Last evening, I talked with a friend about the things that have been going on in the country in the last few weeks. More specifically, we talked about people’s reactions. We were dismayed. Almost as soon as the news is out, the blame and shame begin. Then slowly, the facts come to light—but only after the public harm has been done. A film star commits suicide—‘I didn’t know he was in such pain,’ or ‘If he had talked to me, I could have told him…’  (Neither commentator actually seemed to know the individual in question.)   A child is snatched by an alligator, or falls into a gorilla pit. Someone takes an automatic weapon into a nightclub and kills a staggering number of people—almost as many as he injured. After the initial news come the opinions. Anyone can, and does, speak out.

Everyone has secrets. I think we all know that. In this day and age, having a secret is both a barrier and an invitation—people want to know all about you, especially what you don’t want them to know. What they don’t know, they try very hard to discover. Your secrets, they think, belong to them.

I’ve been living in a motel for five months—there is no way to avoid the secrets of other people. The charming, lovely people you see coming into Reception are the same lusty, angry, tormented people you hear behind closed doors as you walk down the corridor. I’m not a snoop—I really don’t want to know a lot of the things I know about people—but it’s impossible to be unaware of what happens. Of course we hear ‘the beast with two backs’ fairly often. But I also hear the man who rages at old ghosts—something to do with Hitler and the Holocaust. What very little I know about this man tells me he may well be justified. I also hear the couples arguing about love, about sex, about money. There’s the teenager talking back, or the Bohemian young woman in a room down the hall—a beauty in the corridor, a terror in her room. I don’t know who she fights with, because she’s in that room alone.

Although people are very protective of their secrets, some of them seem to like to protect them in public. Support pages for mental health, a variety of medical and social problems, are full of truly horrifying histories—abuse, rape, war, disaster. Abandonment and betrayal are common themes. You can easily learn the social difficulties of Crone’s Disease, fibromyalgia, and a host of conditions that are now known under very technical, initialized names (even though the conditions themselves may have been around for centuries). State social services, the federal government dispassionately complicate matters through bureaucratic indifference—you can read about the ravages, if you’re fortunate enough not to have to actually experience them.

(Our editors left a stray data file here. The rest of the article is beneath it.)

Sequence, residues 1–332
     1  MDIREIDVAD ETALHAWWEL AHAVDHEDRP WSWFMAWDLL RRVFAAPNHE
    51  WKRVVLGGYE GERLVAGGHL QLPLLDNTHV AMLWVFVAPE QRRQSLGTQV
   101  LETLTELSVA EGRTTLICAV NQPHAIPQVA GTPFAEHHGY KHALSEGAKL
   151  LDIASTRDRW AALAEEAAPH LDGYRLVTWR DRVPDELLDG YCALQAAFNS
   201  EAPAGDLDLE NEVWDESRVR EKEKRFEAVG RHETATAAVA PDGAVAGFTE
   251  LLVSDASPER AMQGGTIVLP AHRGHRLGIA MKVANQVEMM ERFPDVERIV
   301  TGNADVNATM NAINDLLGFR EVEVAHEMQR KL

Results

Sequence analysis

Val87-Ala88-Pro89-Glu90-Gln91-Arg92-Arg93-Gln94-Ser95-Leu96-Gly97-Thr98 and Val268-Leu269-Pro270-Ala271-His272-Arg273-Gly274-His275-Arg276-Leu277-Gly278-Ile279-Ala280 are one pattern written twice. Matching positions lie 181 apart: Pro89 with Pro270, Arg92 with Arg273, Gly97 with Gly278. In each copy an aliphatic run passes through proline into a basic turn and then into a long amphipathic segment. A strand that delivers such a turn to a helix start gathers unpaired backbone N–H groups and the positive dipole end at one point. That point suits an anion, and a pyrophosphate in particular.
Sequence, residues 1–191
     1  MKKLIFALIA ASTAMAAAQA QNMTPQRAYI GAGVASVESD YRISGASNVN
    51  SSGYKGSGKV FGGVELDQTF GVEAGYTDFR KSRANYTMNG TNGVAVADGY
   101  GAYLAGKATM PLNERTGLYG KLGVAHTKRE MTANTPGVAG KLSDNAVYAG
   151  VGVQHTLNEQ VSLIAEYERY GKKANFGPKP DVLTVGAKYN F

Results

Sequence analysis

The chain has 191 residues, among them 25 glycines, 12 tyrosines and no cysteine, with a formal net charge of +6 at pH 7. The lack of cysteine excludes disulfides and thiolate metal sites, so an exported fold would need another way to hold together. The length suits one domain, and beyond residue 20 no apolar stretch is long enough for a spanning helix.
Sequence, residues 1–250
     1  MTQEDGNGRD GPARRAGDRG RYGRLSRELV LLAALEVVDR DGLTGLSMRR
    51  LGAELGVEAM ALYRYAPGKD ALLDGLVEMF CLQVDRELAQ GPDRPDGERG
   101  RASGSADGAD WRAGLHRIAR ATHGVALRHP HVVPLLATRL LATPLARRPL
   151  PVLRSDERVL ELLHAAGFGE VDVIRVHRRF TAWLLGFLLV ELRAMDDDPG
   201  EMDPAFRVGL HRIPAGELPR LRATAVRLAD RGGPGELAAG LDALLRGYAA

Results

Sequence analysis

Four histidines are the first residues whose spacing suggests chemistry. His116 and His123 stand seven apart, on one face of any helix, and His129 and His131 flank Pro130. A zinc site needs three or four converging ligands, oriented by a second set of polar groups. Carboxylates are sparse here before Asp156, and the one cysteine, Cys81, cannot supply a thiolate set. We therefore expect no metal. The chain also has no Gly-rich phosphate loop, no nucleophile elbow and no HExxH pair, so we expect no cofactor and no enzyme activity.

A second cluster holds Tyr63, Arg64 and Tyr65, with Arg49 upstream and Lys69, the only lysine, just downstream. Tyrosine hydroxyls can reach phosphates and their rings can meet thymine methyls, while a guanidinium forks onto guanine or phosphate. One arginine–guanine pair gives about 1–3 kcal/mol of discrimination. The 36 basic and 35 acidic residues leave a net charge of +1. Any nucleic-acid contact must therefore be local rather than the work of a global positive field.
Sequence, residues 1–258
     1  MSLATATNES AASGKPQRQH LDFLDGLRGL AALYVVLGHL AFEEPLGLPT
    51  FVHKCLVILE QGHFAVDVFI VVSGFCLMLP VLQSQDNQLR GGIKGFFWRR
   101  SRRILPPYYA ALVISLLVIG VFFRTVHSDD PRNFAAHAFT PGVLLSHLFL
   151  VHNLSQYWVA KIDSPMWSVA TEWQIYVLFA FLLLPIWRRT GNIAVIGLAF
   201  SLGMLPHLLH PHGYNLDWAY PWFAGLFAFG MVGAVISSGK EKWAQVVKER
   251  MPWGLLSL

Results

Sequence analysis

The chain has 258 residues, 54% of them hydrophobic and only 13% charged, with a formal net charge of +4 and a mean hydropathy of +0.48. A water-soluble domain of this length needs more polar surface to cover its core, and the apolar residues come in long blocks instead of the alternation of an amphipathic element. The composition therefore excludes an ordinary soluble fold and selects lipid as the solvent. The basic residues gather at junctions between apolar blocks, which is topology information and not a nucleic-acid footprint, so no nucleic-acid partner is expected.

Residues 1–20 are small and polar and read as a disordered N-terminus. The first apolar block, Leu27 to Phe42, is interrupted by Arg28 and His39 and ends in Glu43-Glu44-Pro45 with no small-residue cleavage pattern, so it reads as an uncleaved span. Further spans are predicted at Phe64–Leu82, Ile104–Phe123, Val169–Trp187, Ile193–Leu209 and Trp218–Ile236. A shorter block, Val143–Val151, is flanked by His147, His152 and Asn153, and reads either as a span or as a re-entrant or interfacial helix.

Everyone has secrets, and many of them are nightmares. The public are unaware, but it doesn’t stop them from shaming and finding fault, even without intelligence (which I use in both senses of the word). The internet makes it simple—instant, anonymous communication with no accountability. There are even people who will use the most horrific events as the basis of distasteful, highly offensive jokes—they couldn’t be cruder. What’s the worst that will happen? Tsk tsk.

I saw a man this morning bow his head as a train sped past him. He explained he has an inner ear condition and rapid movement in his field of vision makes him dizzy. Not a terrible secret, unless you have to live with it. Some might have thought him odd. What about that woman who watches the television with the remote in her hand so she can hit ‘mute’ every time there’s screaming or arguing in a scene? PTSD, perhaps. Memories of domestic violence or rape—secrets that are selectively shared? That kid who has been taking drugs, to everyone’s surprise because he’s ‘such a nice boy’? Is he stupid? Maybe he’s trying to numb pain. At best it may postpone the ‘come to Jesus’ moment he fears, but it’s more than he can handle on his own. That actor or artist who committed suicide—is he a coward, or was the pain of living more than he could bear, and what was that pain?

It used to be my job to know people’s secrets. It helped me understand their behaviours and their choices. If I hadn’t known what I do know, I might have jumped to some damning conclusions, as others do. It’s very easy to judge, to clothe oneself in the mantel of protective self-righteousness, and to ignore the undeniable presence of ‘that which we do not know.’

There is a way to deal with this self-righteous annoyance. Tell people you don’t want to hear it, that it’s unacceptable or inappropriate. At the very least, shush them. A news reader wrote on her webpage about the recent tragedy of the child and the alligator in Florida. Many of the responses were critical and, to be blunt, opinionated to the point of ignorance. Someone made a damning remark about the parents, and the news reader responded, ‘how about we give the grieving family a little compassion right now, instead of placing blame?’ I say, ‘good for you!’

Where were the parents? How did he get that gun? What were all those people doing there? Why didn’t the government stop him? How could she be such an idiot? Who’s to blame? Someone must be at fault!

We don’t know, but we insist.

Paul TN Chapman
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